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Comment Re:Techie Republicans why (Score 1) 113

Right. But for some reason, older politicians view 'on the Internet' as some exotic and alien phenomenon. They think that because emails are sent 'over the Intertubes' that they don't deserve the same protections that a letter written longhand and sent via the USPS does. Younger people who grew up around these modern technologies experience them as daily realities, and therefore no different from older forms of communication. That was my point.

Comment Re:SWATing needs serious consequences (Score 1) 208

Agreed. Those with a legitimate use-case for spoofing (LEO's, PI's, skip-tracers, &c.) should be required to obtain and maintain a licence to use spoofing. In no way, shape, or form should the general public be allowed to spoof phone numbers. Anyone who spoofs illicitly should be charged federally with wire fraud and prosecuted to the full extent of the law. That would cut down on this bullshit.

Comment Re:That's why I pay to recycle monitors (Score 1) 274

Do you know how much CO2 is generated to make concrete

How much CO2 is generated mining ore to retrieve lead and other metals present in a CRT, or drilling and refining the petroleum to make virgin plastic, as opposed to reusing what has already been extracted from the earth? This is to say nothing of turning a patch of land into a lunar landscape after the mining company has moved elsewhere.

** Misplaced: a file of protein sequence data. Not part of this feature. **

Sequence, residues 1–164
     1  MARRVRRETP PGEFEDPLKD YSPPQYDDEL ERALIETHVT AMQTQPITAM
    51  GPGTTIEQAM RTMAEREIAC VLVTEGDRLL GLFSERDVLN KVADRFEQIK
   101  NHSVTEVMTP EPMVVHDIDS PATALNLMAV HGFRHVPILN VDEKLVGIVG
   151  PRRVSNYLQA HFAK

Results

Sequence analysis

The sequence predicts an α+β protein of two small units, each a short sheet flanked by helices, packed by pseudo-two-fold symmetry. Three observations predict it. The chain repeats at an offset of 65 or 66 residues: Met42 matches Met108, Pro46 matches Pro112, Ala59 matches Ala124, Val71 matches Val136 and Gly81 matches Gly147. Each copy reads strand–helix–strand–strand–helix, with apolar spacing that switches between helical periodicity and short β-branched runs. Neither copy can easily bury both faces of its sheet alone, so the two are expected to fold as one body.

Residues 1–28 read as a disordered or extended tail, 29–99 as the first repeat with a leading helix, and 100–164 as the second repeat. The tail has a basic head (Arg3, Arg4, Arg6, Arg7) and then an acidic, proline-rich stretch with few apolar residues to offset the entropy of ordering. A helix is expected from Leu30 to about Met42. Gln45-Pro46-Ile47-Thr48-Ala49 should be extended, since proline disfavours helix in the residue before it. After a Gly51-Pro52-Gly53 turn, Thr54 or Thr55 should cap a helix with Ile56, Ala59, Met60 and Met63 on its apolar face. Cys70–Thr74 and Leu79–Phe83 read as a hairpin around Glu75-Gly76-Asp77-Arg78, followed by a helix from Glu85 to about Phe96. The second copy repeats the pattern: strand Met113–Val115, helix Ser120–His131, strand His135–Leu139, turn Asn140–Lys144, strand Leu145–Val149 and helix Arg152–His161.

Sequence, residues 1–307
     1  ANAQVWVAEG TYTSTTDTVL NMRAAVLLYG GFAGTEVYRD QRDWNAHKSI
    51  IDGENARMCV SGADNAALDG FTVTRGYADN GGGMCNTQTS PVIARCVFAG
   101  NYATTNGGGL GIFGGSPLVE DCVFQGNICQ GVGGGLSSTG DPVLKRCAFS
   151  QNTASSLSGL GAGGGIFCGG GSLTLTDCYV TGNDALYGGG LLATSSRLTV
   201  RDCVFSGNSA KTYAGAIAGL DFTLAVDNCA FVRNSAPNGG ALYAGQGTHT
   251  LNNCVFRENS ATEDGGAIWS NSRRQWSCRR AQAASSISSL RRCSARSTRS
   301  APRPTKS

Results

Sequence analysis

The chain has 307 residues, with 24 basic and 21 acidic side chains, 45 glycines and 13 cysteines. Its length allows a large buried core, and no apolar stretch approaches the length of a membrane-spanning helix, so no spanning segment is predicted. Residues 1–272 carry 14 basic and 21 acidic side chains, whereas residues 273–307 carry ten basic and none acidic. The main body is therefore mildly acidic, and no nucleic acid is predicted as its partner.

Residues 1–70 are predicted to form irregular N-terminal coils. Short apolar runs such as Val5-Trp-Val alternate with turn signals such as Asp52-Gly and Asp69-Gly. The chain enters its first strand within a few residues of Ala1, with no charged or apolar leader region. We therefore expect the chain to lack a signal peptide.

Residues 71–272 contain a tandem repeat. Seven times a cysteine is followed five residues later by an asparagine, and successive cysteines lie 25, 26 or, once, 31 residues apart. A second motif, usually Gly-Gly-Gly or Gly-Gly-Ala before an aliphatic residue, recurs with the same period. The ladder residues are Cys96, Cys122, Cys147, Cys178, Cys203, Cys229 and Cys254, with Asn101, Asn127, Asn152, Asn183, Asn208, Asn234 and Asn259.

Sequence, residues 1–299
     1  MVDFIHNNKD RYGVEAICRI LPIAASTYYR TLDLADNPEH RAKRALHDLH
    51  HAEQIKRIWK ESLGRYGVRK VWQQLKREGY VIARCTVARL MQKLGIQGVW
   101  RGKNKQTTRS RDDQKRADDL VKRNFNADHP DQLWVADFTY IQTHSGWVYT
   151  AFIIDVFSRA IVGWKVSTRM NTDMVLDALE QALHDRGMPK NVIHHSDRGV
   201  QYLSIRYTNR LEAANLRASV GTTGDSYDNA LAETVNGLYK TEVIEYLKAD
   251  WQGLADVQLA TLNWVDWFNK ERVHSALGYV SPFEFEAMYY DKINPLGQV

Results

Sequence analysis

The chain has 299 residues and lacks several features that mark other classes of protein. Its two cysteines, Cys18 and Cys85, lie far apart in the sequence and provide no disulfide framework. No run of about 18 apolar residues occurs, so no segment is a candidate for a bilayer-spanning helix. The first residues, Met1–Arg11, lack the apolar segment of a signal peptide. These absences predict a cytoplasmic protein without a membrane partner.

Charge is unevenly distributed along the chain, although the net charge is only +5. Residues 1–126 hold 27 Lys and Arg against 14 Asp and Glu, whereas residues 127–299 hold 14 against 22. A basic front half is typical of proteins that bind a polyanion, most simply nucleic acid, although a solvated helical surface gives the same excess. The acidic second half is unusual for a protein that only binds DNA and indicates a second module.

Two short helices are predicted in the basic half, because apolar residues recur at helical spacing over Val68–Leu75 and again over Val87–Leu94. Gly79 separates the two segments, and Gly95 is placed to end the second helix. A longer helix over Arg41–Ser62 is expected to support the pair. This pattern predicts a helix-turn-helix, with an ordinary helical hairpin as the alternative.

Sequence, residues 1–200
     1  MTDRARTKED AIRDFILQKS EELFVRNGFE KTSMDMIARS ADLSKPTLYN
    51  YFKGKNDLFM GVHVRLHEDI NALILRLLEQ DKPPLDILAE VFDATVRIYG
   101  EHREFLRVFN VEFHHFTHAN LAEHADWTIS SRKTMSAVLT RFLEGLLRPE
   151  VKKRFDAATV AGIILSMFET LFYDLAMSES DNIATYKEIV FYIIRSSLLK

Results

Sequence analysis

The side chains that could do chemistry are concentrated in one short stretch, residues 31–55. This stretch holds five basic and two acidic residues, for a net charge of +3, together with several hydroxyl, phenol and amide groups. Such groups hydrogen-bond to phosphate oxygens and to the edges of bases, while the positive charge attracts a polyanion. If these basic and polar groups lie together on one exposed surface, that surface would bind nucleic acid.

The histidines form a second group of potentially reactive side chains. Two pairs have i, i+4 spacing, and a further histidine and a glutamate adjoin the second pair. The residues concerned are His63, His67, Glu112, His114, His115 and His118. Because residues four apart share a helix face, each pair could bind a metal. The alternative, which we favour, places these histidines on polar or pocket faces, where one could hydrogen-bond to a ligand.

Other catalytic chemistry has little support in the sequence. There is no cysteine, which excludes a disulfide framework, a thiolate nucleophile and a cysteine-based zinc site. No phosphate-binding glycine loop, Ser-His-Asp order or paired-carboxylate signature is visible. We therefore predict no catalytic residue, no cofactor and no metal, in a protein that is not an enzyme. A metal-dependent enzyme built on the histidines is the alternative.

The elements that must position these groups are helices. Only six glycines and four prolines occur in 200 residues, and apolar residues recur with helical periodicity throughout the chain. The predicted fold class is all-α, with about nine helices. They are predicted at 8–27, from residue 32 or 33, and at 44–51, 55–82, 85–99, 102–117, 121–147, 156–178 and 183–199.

Comment Re:Techie Republicans why (Score 3, Insightful) 113

I think that as more 'digital natives' run for political office, this will improve. In the Senate at least, many of the members are older and have probably never sent an email in their lives. As those people die off and get replaced, people who are more comfortable with modern technology will fill the vacancies. I doubt Orrin Hatch, for example, knows how to operate anything more complicated than an IBM Selectric -- even then, he'd have some gal type up his documents and fetch his coffee for him, too.

Comment Re:This is needed (Score 2) 164

Bullshit. I have a 2005-vintage Pentium D box with 1GB of RAM running the latest copy of Linux Mint (xfce as desktop environment) and it absolutely flies. Granted, as a NetBurst machine it consumes quite a bit of power and serves as a pretty effective space-heater, but try running anything newer than Windows XP on such hardware -- I bet the fucking thing would take at least five minutes to boot to a barely usable desktop. However, with Linux on there, I can actually do some productive work on it if I so choose, and have the benefit of a recent OS release with modern features and security.

Comment NO. (Score 1) 449

When I was a young kid (early- to mid-1980's), computing filled me with a sense of wonder and awe. It seemed like a wide-open frontier, with infinite delights to discover. The field has become so brazenly commercial and profit-driven, with few if any genuine life-changing applications (as opposed to a trivial and frivolous kabuki theatre of bread-and-circuses 'apps') that I now look upon it as a way to pay the bills and not much more. I keep waiting for something to reignite the fire in my belly, so far in vain. I am coming more and more to the conclusion that my choosing computers as a hobby was merely arbitrary, and that the sense of wonder and awe is unique to childhood and something that can never be recaptured for the rest of my life. :(

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